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Abu Dhabi, UAETuesday 18 September 2018

Lower your risk to avoid being defrauded of your money

By focusing on capital retention over high returns, investors can ensure they don't get ripped off

Illustration by Gary Clement
Illustration by Gary Clement

Ignorance isn’t bliss; it is expensive and not only when it comes to investing money.

The way to avoid loss boils down to focusing on risk, and how to mitigate it.

It is why the multi millionaire I know was happy, telling me about a great investment he’d made. It promised a 5 per cent return a year. He had sold a business for hundreds of millions, and was satiated with single digit returns cecause his capital was protected. He was earning more than another friend of mine, also of multi-millionaire status, who was really glad with her return – hovering just under that 5 per cent mark – as it was still above what the banks were offering. And yes, her capital was protected too.

You would think they’d want more. But it’s something wealthy people do; they reduce risk. They are very good at following these rules, set out by Warren Buffet:

Rule No. 1: Never lose money. Rule No. 2: Never forget rule No. 1.

The most successful entrepreneurs I know – by success I mean significant self-made wealth - have this in common:

They protect their capital. Think of it as return of capital first, then return on capital thereafter. It’s the reason these people with eight zero’s to their name are satisfied with single digit returns. They study each investment looking closely at what can go wrong. Then they look at how to control, or avoid, permanent loss of capital. They address risk. Understanding it and what can be done to avoid, or at least mitigate it. That’s how they get to keep their eight zeros.

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It can be argued that there is no such thing as capital protected, but these people have a philosophy: they are entrepreneurs and consider what they do to be their high risk exposure.

So they go very low risk with investments and ‘capital guaranteed’ is key. It could be as simple as staying in cash, but distributing it amongst numerous banks, to take advantage of each bank’s savings protection limit – this is the money protected by financial conduct authorities, that would be returned to account holders, should the bank go bust (not unheard of). I know someone who has money with 12 banks for this very reason. Lots of paperwork, but he thinks the protection of capital is worth it.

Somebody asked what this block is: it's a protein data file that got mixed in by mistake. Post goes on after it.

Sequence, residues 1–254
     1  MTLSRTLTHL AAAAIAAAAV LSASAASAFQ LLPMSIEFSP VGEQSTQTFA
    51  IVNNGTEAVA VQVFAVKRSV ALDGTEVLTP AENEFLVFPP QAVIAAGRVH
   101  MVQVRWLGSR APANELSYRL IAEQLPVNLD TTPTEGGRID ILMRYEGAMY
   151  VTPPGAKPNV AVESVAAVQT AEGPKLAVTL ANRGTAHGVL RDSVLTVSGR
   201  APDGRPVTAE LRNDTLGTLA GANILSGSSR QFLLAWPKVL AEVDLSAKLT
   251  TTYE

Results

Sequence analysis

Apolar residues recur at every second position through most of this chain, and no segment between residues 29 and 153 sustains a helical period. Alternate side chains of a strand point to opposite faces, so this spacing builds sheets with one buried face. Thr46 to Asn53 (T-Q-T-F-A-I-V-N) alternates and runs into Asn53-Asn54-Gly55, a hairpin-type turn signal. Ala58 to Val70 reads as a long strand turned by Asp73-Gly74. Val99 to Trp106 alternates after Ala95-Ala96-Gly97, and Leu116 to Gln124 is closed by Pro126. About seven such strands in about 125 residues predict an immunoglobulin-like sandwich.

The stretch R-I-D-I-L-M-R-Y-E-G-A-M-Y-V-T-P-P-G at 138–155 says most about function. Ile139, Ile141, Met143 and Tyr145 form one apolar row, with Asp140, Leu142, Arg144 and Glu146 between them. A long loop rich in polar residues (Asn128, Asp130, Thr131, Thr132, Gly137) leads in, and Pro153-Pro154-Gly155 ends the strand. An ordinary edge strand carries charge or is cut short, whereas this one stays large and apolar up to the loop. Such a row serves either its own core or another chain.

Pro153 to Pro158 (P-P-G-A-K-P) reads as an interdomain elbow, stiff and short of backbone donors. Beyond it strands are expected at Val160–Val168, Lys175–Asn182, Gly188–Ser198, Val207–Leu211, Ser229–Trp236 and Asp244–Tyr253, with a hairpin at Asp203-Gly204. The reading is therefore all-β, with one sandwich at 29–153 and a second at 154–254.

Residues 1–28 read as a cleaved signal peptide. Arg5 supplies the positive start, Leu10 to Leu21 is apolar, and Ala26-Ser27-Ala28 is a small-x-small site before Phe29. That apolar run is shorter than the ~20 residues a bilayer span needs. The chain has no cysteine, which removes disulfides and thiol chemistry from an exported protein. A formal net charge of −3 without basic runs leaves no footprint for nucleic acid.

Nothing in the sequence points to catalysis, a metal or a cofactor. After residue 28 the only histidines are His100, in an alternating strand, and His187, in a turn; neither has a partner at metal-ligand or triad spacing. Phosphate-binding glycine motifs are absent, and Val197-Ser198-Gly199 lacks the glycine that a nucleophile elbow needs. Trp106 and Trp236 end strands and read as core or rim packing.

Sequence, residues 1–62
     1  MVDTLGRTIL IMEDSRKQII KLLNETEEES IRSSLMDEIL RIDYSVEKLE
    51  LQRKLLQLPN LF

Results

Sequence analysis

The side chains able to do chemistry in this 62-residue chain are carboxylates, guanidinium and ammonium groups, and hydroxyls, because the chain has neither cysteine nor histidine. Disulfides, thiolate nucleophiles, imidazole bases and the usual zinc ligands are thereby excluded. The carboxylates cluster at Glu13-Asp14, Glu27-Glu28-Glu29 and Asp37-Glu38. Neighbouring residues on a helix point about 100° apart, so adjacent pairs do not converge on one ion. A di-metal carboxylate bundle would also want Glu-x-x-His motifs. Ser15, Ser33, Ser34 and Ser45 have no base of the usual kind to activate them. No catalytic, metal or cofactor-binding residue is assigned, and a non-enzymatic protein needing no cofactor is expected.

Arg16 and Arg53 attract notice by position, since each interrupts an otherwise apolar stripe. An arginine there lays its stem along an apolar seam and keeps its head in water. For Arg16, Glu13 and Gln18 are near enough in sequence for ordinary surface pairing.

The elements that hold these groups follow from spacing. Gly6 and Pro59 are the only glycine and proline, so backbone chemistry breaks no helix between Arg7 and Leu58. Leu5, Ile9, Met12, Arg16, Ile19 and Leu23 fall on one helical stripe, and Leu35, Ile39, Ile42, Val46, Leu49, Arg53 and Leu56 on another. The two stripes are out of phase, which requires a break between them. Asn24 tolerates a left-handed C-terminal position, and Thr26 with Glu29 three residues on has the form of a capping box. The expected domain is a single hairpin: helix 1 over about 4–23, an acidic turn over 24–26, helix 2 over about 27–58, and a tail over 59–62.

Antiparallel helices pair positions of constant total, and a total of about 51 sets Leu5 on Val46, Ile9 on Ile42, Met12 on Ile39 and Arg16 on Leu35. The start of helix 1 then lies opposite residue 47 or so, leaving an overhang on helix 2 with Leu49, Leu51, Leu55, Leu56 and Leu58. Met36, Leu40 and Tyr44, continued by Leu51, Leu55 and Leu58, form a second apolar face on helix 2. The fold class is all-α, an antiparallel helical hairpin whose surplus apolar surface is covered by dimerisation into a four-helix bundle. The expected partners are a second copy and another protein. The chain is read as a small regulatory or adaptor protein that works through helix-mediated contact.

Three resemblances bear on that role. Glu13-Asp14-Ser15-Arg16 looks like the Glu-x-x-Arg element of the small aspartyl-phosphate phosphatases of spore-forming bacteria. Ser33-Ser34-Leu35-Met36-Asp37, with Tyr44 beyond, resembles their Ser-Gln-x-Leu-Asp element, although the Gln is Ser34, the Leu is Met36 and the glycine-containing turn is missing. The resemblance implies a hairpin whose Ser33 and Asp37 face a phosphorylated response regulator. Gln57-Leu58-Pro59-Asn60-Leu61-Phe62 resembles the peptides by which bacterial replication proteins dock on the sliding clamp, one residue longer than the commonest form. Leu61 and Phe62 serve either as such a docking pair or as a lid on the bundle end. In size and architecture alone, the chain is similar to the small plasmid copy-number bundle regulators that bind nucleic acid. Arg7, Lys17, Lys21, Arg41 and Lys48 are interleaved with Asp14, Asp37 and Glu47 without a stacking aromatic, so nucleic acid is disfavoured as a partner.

Not everyone is going to be an entrepreneur, or make millions but we can still learn from their approach. So, assuming you’re on the path to investing your savings, ask yourself this question:

How can I lose money with this investment? Find out all the ways this could happen. This is the main question my wealthy friends focus on.

Then ask yourself: Do you accept the risk?

Now, because there has been a spate of fraudulent investments that UAE residents have been exposed to, I’m including other pointers to reduce risk:

• Ensure the entity you think you’re dealing with exists. Call telephone numbers you’re given. Visit the premises if you can. Look it up, and the names of the people you’re dealing with.

• Make sure you know who you have invested with. What can happen is that you are pointed to a specific company, but end up sending your money to another. Know which entity your contract is with.

• Understand the product you’re buying into. And always ensure you are not locked in.

Mitigating risk includes being able to stay liquid. This is another key thing my wealthy counterparts do. They make sure there’s an exit.

Not being able to sell your investment means you cannot control losses when the going gets bad. Accessing your cash, or being able to sell your investment whenever you want is crucial. It gives you control over if, or when, to cut your losses.

Note that fraudulent companies routinely encourage participants to "roll over" investments, often offering even higher returns on the amount rolled over. If you’ve been promised access to your cash and have problems when you go this route, this is a red flag - you are probably dealing with a fraudulent entity.

Yes, lower risk means earning less when the going is good. It also means getting to keep your hard-earned capital, or a big chunk of it, when there are problems.

But if offered the chance, many want more than the single digit returns the wealthy entrepreneurs I started with are content to earn. Higher risk investments are taken on, and with them, an increased probability that all will be lost.

To overcome our ‘want more’ bias, how about re-shaping our thinking to: lower-risk means losing less when things go wrong. You’ll end up making more, by risking less.

Here’s a simple mantra: Risk not, want not.

Safeguard your investments. Remember, ignorance is expensive.

Nima Abu Wardeh is a broadcast journalist, columnist and blogger. Share her journey on finding-nima.com

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